Instead, he says, we should be doing more studies: for example, comparing CPR teaching methods with cardiac arrest survival rates in major cities in the United States to understand how and when the technique is most effective.
In some cities that have less CPR training, the survival rate is indeed low, Sayre says. But in other metropolitan areas with strong training programs and quick EMS response times, half or more victims survive.
Sayre suggests teaching CPR in schools nationwide starting in seventh grade, as well as increasing access to automated external defibrillators, portable machines that shock the heart to get it to "reboot." Using an AED, according to Sayre, increases the probability of survival to 80 percent.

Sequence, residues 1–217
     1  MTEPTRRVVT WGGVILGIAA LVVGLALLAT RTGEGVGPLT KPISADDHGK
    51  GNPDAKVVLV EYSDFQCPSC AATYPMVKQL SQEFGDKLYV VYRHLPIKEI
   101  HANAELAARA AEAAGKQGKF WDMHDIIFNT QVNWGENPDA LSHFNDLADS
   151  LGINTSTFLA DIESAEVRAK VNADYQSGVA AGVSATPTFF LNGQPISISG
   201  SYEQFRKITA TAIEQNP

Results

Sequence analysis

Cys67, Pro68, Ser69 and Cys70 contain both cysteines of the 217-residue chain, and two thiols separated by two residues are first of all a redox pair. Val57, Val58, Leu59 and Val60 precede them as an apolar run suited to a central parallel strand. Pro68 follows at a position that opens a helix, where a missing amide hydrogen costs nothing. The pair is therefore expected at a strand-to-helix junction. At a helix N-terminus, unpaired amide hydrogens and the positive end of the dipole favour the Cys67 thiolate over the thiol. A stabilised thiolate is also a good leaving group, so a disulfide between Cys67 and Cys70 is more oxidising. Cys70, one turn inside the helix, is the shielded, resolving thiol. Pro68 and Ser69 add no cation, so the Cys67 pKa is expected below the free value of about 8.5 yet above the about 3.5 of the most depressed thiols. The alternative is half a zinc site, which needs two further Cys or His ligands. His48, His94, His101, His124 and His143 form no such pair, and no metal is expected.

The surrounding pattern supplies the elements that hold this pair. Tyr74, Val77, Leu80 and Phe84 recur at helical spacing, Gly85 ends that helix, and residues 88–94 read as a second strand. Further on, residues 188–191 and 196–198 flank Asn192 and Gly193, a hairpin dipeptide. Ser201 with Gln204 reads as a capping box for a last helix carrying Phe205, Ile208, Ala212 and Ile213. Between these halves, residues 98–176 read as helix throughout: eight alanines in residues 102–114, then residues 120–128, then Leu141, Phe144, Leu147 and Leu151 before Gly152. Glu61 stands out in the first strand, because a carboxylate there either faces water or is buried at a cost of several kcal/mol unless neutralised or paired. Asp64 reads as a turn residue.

Promising research continues for substitutes to CPR, but "there are no reasonable alternatives" yet, Newman said. For now, emergency care providers have to use what they know.
That doesn't mean Newman is happy with that reality. He remembers when he started as an EMT: "I was led to believe that for those who experienced cardiac arrest, if you put your heart into reviving them, they would come back."